Recently, CBS MoneyWatch put together a list of the least expensive cities in America. My home town of Fort Wayne, Indiana wasn’t on the list, though I was a little surprised. I’m pretty sure we’d make the top 25. My aunt’s current home of Ashland, Ohio made the cut though, coming in at Lucky No. 7.
After an internship with my city’s Economic Development Alliance while I was in school, I’ve always known that my city has an extremely low cost of living. We have a lot of incentives available for businesses to build here. The problem with my town and others in the Midwest, as I understood it at the time, was that younger workers were all moving to bigger cities to find jobs, leaving small towns like mine full of older workers but little else.
Census data has been backing up that idea, that young people are moving to large cities in record numbers. Currently, about 82% of the population live in cities, compared with a little over 50% in the rest of the world. When you look at the statistics, three-quarters of the U.S. population shares just about three percent of the U.S. land area. With everyone flocking to all that prime real estate, it’s easy to see why cost of living in my relatively small town is pretty low.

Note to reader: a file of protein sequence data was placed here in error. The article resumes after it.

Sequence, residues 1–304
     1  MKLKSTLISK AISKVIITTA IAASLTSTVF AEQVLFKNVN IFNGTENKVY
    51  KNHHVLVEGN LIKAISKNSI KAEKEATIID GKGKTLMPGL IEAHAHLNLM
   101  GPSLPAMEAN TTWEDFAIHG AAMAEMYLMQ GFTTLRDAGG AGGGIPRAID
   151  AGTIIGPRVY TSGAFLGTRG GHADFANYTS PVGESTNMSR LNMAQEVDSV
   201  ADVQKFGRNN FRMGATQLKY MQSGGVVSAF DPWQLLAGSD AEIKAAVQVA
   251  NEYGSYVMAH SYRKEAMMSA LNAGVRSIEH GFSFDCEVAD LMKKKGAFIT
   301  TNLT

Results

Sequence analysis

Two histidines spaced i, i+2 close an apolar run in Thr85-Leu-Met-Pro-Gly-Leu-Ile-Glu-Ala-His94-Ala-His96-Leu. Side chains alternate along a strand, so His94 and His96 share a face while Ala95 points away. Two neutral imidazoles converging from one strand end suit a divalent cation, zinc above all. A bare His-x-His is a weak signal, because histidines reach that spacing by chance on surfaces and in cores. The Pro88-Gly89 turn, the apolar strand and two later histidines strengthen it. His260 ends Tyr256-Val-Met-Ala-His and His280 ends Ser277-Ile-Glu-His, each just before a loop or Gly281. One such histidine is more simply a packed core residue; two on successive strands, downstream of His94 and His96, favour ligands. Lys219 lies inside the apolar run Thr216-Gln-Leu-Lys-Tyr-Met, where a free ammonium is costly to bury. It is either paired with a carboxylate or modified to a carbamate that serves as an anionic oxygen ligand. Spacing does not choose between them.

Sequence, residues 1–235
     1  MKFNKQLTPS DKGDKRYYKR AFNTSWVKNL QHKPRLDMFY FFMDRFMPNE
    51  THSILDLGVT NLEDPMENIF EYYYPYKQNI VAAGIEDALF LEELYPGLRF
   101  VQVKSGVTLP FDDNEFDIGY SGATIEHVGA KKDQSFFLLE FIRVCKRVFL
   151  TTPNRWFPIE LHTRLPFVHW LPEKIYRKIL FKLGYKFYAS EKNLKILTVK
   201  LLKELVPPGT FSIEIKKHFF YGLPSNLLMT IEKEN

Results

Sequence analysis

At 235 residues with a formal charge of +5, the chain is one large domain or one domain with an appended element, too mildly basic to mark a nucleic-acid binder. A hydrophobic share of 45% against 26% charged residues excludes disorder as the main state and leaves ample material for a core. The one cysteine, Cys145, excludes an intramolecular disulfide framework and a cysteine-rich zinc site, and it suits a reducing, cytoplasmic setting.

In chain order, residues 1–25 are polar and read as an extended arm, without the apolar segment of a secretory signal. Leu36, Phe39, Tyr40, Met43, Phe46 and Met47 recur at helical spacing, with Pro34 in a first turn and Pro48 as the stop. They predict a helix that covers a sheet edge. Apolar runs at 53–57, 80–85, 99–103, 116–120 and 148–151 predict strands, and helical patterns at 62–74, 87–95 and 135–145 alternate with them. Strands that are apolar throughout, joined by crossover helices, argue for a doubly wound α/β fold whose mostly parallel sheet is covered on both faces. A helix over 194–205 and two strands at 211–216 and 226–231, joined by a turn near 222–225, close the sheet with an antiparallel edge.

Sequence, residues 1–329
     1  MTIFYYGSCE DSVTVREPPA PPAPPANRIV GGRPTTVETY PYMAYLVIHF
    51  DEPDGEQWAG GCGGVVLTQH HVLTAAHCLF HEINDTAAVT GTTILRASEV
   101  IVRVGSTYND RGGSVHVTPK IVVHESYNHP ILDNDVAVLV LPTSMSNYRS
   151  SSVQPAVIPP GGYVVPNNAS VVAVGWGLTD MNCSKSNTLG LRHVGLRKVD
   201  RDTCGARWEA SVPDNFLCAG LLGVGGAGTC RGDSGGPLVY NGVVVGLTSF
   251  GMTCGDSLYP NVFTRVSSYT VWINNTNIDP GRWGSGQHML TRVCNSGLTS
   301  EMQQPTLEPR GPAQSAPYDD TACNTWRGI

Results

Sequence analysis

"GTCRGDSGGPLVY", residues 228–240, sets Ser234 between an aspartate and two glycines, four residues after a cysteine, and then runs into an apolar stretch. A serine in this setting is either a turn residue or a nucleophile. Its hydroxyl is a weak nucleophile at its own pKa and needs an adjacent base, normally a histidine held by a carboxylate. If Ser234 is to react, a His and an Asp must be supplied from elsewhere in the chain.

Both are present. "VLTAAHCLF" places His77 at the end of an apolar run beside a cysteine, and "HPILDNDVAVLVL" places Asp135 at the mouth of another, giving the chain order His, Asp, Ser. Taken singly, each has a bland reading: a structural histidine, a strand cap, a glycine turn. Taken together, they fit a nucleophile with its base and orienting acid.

But that puts me in an interesting position. Technically, I did have to go to a big city to find work. I just did it from the comfort of my couch. For the past year, my employer has been in New York City. I just don’t have to be in the state of New York (or New Jersey) to work for them. I can do so from my cheap home town. My personal experience has made me wonder if the rise in telecommuting might not slow down the continued urbanization of our country.
Rural areas and small towns are obviously cheaper for families. And the realized income of most US families is down, even as real estate, healthcare and food prices are on the rise. Plenty of workers are being squeezed in the middle. But telecommuters like myself receive the wages of someone who has a city cost-of-living, all while residing in a cheaper locale. I’m not going to lie, it’s pretty nice.
Obviously this type of set-up wouldn’t be available to everyone in every position. Plenty of people who work from home only do so on a part-time basis and spend at least one day a week in an office. Realistically, they would still need to be close to their business headquarters. But that being said, I still know plenty of people who spend their work days in a home office on conference calls with employers in large cities hundreds of miles away. If the option is at all possible, it makes lots of financial sense.
Only time will tell if telecommuting has the ability to encourage workers to stay in inexpensive smaller towns and work for large companies located in different states. That being said, I’m certainly thrilled that I’ve been able to take advantage of the situation and stay in my happy, cheap city while working for an amazing, established company in a completely different state. Would you telecommute to save money on everything from real estate to fresh produce?